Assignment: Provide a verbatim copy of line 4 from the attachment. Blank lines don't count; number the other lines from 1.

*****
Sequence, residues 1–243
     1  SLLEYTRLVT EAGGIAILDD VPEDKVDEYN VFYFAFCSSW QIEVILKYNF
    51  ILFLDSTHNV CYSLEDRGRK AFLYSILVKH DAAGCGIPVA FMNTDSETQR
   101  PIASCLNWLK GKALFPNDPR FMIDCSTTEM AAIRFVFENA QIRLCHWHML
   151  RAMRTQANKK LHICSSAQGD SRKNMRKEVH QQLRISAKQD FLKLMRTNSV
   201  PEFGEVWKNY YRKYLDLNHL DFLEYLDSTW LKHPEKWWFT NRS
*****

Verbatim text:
   101  PIASCLNWLK GKALFPNDPR FMIDCSTTEM AAIRFVFENA QIRLCHWHML